Totie- You can live a life, which is more than I can do now! There is hope. Thanks for sharing.
Bruce- I am on a beta blocker, and though it does help, I still cannot live a life and I still bounce between hypo and hyper. All a beta blocker does is slow down the heart for when it races. It doesn't stop the thyroid from misbehaving (at least not in my case).
I did the beta blocker thing. It just made me very tired. It may be contributing to your fatigue. WHat are you taking and how many MG?
you know there are other things you can take that may help you without having to take that route>? you probably have palpatations because of the hypothyroidism. When i got on HC (cortisol) the palps left immediately. I got off the HC and they came back, but then i got on thyroid and they went away. Seems like the only time i get them is in the morning. i take the thyroid and they go away, but of course i have other misery that comes on (as you described above).
Fatigue is not my problem! If anything I don't have enough fatigue. Heart racing and shortness of breath are my worst symptoms. I only take 12.5 mg of atenolol a day. I have only been hypo one time in the last year! I tend to get palps when I am hyper. I now mainly get them once a month, when everything is horrible. If I am hyper, I get them all the time. My case is a little different than yours in that I am not hypo any longer. I swing borderline hypo every now and then, but after my tsh shot up to 26, it went down to normal, and now hits me with spurts of hyper. I do have hypo symptoms as well though. If I was more hypo like you, I could definitely be on thyroid meds as I used to be. Unfortunately, I am not in the same boat you are. You are truly hypo, and I no longer am.
Okay, I have to post now! My father had a TT many, many years ago. He is now 85 years old and does not have a computer, so I will speak for him.
It is amazing the difference between he and I. I have hypothyrodism and Hashimoto's. since his TT, he is only on Synthroid. It never changes. As long as he does not switch up the time he takes it and only takes it with black coffee and does not eat for 1 hour, His levels santaya constant normal range! All of his thyroid labs..(FT3, FT4) are always right on target. And he feels great now. No Swings, No Hyper. Nice BP and HR.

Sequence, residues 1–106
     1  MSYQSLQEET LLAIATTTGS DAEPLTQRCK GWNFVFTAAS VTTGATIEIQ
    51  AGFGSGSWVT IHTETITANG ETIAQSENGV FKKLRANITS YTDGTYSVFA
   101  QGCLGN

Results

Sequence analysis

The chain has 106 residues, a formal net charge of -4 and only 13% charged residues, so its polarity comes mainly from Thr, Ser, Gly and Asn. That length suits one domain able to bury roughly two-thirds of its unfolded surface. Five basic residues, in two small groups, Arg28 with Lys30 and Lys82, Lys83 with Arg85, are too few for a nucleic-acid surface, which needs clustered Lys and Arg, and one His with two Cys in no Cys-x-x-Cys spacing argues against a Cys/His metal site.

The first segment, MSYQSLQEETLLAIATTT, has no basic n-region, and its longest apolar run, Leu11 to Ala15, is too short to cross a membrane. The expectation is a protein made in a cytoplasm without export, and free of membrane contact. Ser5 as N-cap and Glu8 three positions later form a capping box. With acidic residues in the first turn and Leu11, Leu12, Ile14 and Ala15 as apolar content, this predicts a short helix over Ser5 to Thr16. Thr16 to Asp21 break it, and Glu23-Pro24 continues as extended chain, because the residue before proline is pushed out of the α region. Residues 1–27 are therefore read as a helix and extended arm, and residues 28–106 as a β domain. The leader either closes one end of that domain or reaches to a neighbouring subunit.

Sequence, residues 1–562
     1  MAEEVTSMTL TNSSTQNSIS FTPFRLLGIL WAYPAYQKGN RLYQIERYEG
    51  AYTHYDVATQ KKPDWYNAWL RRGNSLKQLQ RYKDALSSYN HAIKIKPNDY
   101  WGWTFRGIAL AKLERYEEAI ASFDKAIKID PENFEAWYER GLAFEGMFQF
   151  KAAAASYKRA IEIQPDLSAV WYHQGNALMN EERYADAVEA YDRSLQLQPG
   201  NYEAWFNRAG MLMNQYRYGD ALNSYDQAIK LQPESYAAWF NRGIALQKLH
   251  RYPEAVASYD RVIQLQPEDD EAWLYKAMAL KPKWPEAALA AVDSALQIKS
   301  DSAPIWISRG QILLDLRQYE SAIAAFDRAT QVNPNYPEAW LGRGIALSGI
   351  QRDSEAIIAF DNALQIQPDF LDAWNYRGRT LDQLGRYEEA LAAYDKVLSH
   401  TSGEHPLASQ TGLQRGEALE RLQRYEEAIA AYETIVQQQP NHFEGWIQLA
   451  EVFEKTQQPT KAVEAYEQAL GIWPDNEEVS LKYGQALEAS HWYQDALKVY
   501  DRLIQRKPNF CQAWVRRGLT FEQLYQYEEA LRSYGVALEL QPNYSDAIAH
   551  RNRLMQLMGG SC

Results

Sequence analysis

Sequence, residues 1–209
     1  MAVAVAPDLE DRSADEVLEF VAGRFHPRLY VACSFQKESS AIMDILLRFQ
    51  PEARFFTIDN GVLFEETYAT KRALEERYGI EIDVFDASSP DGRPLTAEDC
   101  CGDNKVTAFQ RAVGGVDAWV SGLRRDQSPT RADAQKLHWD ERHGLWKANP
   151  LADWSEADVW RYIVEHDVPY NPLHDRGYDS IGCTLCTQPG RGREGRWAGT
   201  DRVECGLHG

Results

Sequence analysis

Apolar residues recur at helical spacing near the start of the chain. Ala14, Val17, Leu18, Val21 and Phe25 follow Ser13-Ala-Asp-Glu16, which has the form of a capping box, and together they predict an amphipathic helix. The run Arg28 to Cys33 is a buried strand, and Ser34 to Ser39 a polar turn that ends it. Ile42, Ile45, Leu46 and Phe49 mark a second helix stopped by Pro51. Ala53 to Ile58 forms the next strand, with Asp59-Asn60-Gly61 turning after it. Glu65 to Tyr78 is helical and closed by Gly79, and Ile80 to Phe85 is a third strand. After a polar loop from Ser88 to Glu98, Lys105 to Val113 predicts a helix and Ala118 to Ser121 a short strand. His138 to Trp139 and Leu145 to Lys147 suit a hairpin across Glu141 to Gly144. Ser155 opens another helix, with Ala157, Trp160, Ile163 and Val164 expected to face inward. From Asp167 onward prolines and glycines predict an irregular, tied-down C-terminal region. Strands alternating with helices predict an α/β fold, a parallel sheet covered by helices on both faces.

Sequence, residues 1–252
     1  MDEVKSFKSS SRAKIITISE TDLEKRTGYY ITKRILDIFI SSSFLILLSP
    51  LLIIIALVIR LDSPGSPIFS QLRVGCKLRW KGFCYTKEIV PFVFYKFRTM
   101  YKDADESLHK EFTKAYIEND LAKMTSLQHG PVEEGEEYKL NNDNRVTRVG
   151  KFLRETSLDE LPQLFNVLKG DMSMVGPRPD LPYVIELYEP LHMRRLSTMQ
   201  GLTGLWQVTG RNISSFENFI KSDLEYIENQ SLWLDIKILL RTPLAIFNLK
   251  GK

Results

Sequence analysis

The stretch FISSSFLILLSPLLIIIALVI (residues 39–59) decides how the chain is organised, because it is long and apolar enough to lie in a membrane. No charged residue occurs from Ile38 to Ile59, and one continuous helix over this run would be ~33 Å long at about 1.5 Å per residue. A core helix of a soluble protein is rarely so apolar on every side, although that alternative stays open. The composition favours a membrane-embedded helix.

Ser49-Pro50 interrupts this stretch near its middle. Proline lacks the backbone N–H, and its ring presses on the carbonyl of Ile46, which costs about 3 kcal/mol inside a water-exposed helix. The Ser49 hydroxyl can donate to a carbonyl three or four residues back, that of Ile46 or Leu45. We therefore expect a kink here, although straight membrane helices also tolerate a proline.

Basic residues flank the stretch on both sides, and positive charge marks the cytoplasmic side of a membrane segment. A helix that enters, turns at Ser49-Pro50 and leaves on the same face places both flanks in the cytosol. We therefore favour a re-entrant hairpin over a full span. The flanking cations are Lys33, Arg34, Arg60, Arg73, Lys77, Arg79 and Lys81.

I am more than half his age, and he does better thyroid wise then me any day.
He says he is thrilled with his TT. Has no regrets. He has had no problems whatsoever.
Danie, If this is what your surgeon is recommending, and this is what you are happy with, then I say go for it. It is safer for you and your son than the RAI.
I have never done this. I am going to request this maybe on thursday. I dont care anymore. I feel so horrible on or off synthroid. Swingin back and forth all day long. Back and forth, back and forth. Ears ringing and buzzing, burning off the hook one minute, An hour later exhausted and cold.
I know the feeling! Unfortunately, some cases of hashi's cannot be controlled with meds not matter what they do. With the uptake they just give you some radioactive iodine (I had to drink it in a straw) and get an injection. They then take a bunch of pics immediately, and when you come back in 24 hours when they will take pics again to see how your thyroid took in the iodine. I am SUPER sensitive to everything and I didn't have any effects from it. The percentage of iodine my thyroid took in was similar to those with graves disease.
I didn't have the graves antibodies at the time of testing, but I'm not so sure of the results. My hashi's antibodies were gone at the time too when a few weeks prior they were close to 300. I'm not sure how that changed so drastically in 2 weeks, or if I really could have graves antibodies or not. I know I tested positive for 2 different types of antibodies (the docs assistant threw this out in passing, so I don't know the details of that one yet). Surgery is a month away now. With my new mouth issues it is probably best I wait. They might want to get this under control. I'm waiting on biopsy results =(. It could be ANOTHER autoimmune disease attacking my tongue and mouth
My Father had Thyroid Cancer. That was the reason for his TT. I do not. I only have multi-nodular thyroid, Hypothyroid, and Hashi's, as far as my thryoid goes. I will be tested for parathyroid in July. . My endo has never considered or mentioned a TT for me. Why would he?
I am on .112 synthyroid as of now. Conversion will be checked in July also.
There are 2 antibodies that are used to diagnose Hashi's........ those are TPOab and TGab; some have only TPOab, some have only TGab, some have both, but either or both, will bring a dx of Hashi's. To confirm Graves, you would need to have a TSI test done.
and if this test shows positive for antibodies over the normal level, this means you have graves? Not to sound like a moron, but i was told by idiot doctor # 16 that i had the graves antibodies but my hashimotos antibodies were a little higher so the graves didnt count. This could explain a lot. If this is the case, will dannie and i be sharing a hospital room together.
Yes, TSI is the definitive test for Graves'. Sorry, doctor #16, this isn't a competition, you can have both! You must have had a TSI with all your testing, Bruce. Don't get too excited, having both Hashi's and Graves' is VERY rare.
I suspect that danie's two antibodies are TPOab and TGab as Barb suggested above. I'm positive for both as well.